One of the main claims made in the chapter three of ‘the lure of noma‘ is about the connection between the seclusion of girls and the rise of religion. To establish a reason for the seclusion we were inclined to emphasise the supernatural aspect of the puberty rites and the females’ increased susceptibility to mental illness.
A recently published article in the online journal Molecular Psychiatry (Bangasser, D. A., et al., 15 June 2010) | doi:10.1038/mp.2010.66) implies that given their observations from the experiments on rats, the reserachers could assume a link between the neuropeptide, CRF and the increased susceptibility of females to the stressors.
This is a kind of a boost to the hypothesis about the adolescent girls and their higher susceptibility to mental disorders as discussed in the book. The book argued that in the pre-historic times, this situation shouldn’t have been any different. Even though it is known that the females are twice as more susceptible than the males to psychological disorders, it is not easy to establish that the situations had been the same over the ages. We can not completely rule out the lack of adaptation over the last forty or so thousand years of human history since the Great Leap Forward’. However, if the increased susceptibility arises from a biological cause, which is also found in the animal kingdom, we can be more confident as to the retrospective validity of our argument. It is not disputed that the problem of establishing the nature of the said pre-historic disorders and understanding the exact nature of these ancient stressors still exist.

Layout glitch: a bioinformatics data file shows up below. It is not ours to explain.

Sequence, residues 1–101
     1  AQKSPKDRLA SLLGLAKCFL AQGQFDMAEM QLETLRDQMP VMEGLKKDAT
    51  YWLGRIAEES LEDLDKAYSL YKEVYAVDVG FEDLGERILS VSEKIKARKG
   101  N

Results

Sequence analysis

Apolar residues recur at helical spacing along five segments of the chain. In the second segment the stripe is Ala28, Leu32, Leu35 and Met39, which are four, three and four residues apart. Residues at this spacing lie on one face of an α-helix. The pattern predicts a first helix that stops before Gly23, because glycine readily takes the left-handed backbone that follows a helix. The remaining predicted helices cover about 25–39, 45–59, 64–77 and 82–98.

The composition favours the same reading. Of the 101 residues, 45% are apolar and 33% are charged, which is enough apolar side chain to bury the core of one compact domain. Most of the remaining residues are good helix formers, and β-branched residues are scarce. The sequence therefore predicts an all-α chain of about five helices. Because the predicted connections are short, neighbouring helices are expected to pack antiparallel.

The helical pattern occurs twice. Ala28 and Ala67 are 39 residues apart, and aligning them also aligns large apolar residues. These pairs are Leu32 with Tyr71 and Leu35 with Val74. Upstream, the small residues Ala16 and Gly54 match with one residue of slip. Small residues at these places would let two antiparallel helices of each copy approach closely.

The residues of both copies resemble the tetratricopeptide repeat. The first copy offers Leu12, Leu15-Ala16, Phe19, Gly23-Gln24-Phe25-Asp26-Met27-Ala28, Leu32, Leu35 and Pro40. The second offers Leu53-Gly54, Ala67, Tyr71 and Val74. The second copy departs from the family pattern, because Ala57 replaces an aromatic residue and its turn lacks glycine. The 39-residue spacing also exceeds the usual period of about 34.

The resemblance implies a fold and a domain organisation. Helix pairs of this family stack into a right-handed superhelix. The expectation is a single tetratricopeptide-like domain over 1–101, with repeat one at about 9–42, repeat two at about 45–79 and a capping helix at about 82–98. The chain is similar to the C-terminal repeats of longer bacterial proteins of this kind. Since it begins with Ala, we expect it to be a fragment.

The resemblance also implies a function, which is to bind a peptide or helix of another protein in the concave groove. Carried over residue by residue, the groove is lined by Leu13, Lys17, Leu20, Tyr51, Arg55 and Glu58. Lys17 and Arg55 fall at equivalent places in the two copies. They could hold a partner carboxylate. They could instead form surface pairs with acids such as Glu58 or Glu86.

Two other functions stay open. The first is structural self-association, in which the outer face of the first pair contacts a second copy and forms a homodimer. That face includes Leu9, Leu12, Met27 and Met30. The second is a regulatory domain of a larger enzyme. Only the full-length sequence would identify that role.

Link to the abstract of the paper:http://www.nature.com/mp/journal/vaop/ncurrent/full/mp201066a.html
(In a future article, I plan to povide more anthropological information arising from my research to further support the cultural aspect of the hypothesis)